Petchey, F., & Kirch, P. V. (2019). The importance of shell: Redating of the To’aga site (Ofu Island, Manu’a) and a revised chronology for the Lapita to Polynesian Plainware transition in Tonga and Sāmoa. PLOS ONE, 14(9), e0211990–e0211990. https://doi.org/10.1371/journal.pone.0211990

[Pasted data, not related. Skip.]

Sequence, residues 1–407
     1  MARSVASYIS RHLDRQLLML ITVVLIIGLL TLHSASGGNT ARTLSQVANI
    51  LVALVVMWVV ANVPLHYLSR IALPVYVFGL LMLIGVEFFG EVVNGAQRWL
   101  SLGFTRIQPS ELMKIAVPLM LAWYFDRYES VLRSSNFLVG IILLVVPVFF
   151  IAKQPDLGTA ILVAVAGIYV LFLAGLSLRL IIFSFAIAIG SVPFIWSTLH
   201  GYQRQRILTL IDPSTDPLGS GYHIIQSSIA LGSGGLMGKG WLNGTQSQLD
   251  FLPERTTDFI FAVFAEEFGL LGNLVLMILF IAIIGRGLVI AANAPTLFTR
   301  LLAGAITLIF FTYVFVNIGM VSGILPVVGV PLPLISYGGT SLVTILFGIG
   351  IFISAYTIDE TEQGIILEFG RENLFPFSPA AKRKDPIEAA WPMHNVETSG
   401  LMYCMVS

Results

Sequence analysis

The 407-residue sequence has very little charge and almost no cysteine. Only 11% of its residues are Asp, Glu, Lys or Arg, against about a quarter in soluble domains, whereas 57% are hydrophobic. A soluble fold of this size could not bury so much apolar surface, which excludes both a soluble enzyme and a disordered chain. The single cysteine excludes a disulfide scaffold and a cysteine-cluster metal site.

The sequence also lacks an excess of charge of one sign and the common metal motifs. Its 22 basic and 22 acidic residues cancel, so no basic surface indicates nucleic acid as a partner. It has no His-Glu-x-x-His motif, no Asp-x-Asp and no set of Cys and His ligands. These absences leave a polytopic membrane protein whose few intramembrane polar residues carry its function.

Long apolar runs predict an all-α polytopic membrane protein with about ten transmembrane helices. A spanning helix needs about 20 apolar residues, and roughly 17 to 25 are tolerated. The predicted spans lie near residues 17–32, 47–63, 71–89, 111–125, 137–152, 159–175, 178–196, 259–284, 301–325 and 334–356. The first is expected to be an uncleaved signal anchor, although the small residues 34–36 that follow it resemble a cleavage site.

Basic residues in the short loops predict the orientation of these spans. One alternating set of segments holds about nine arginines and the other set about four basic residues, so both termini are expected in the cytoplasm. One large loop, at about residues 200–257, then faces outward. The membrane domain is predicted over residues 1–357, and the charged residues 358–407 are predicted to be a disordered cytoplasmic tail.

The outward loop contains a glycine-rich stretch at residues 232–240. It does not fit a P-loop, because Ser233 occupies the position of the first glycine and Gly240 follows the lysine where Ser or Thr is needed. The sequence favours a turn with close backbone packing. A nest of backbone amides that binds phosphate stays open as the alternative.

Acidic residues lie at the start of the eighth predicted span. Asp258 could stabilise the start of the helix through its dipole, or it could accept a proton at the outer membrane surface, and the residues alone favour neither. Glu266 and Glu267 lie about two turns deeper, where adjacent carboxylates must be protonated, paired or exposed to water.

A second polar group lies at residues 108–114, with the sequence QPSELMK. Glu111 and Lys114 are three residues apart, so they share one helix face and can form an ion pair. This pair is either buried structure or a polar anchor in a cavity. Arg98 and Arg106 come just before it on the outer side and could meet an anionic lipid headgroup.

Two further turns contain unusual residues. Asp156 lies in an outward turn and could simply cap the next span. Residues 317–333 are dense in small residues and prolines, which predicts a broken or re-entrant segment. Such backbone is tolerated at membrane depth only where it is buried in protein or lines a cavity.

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Radiocarbon dating Pacific archaeological sites is fraught with difficulties. Often situated in coastal beach ridges or sand dunes, these sites exhibit horizontal and vertical disturbances, datable materials such as wood charcoal are typically highly degraded, may be derived from old trees or driftwood unless specifically identified to short-lived material, while bone collagen rarely survives in tropical conditions. Shell, therefore, is the most logical material for dating Pacific sites since it is resistant to alteration, can be sampled to ensure only the last few seasons of growth are represented and is often closely tied to human economic activities. However, shell radiocarbon ( ¹⁴C) dating has been plagued by interpretive problems largely due to our limited knowledge of the ¹⁴C cycle in nearshore marine and estuarine environments. Consequently, shell dates are typically ignored in regional chronometric evaluations and in recent years shell is often avoided for dating altogether. Recent advances in our understanding of the source of shell ¹⁴C as well as the development of the first South Pacific Gyre model of changing marine ¹⁴C over time, combined with Bayesian statistical modelling, now provide us with insight into the value of these shell radiocarbon dates. Here we present a revision of the age of the To’aga site on Ofu Island–an early occupation site associated with the initial Polynesian Plainware period in Sāmoa, the earliest use of which we date to between 2785 and 2607 cal BP (68% probability).
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